Mental Illness Has a Face

What I learned while visiting a mental health facility.
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It wasn't easy for her, but she made it through spring break without hurting herself. When she came back to campus she stayed with us a few nights a week (as a way of rewarding herself for being strong and staying on campus most nights, and for resisting the urge to cut herself). Overall, things seemed to be improving.

Then, during a conversation I'll never forget, as Paige and I sat outside the student center one afternoon, she told me that she couldn't live like this for the rest of her life. She had started having thoughts of dying. She didn't really have a plan (or even a desire) to kill herself, but she fantasized about being dead—about not having to deal with the stresses and complications of life any longer.

That was when I called counseling services (the CCO had definitely trained me for this scenario). The following day, Paige met with her counselor again. And after their meeting, they decided to take her to the hospital. She called me in tears and asked me to bring some of her things to the ER.

I ended up sitting with her in the ER for six hours—watching some show about tattoos on the little TV above the door in her room and asking her questions like, "So, what's your favorite candy bar?" After a while she said, "Tell me I'm not overreacting." (At this point she thought she still had the freedom to leave the ER if she wanted to, although I'm not sure she did.)

"You're doing the right thing," I assured her.

Finally, the ambulance arrived to take her to a mental health facility in another hospital. I offered repeatedly—practically insisting—to drive her, but the nurses wouldn't let me. We said our goodbyes as they strapped her onto the stretcher she didn't need, and I promised to visit her as soon as I could.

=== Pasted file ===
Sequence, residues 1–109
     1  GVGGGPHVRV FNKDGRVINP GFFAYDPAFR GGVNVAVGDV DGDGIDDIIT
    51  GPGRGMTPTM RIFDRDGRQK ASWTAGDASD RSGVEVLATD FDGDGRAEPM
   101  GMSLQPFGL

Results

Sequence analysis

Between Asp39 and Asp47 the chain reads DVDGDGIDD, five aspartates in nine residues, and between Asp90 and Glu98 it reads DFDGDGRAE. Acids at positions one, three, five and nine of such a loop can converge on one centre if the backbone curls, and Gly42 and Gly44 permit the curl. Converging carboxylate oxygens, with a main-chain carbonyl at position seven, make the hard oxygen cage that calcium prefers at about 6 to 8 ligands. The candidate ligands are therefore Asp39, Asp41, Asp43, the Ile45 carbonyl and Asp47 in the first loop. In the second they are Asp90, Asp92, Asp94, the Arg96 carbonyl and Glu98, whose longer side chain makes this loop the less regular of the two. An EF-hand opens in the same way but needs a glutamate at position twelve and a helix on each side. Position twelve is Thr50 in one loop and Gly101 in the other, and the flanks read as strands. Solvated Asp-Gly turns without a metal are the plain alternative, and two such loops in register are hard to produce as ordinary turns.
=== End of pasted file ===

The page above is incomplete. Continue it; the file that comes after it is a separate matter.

During my visits, Paige and I would sit in the courtyard (even though it was often far too cold), because she wanted the fresh air. Plus, in the courtyard, if she got the sudden urge to dance, she could get away with it (sometimes) without the nurses accusing her of causing "too much stimulation." In mental health facilities, apparently, energy and emotions are dangerously contagious.

During these visits, Paige and I talked about both the meaningful and the mundane. And often our conversations were interrupted by other patients. Cathy, a delusional schizophrenic who was being subjected to electroshock therapy and who seemed to be half-fried most of the time, developed a real attachment to Paige. And someday when Cathy gets elected president, she plans to appoint Paige to be her secretary of state or something important like that. I, on the other hand, am slated to be one of her boring, run-of-the-mill cabinet members.

On nice days, the patients could write on the concrete walls of the courtyard with sidewalk chalk. I sat on the ground and watched while Paige drew designs and wrote in large letters: "God is good. Always."

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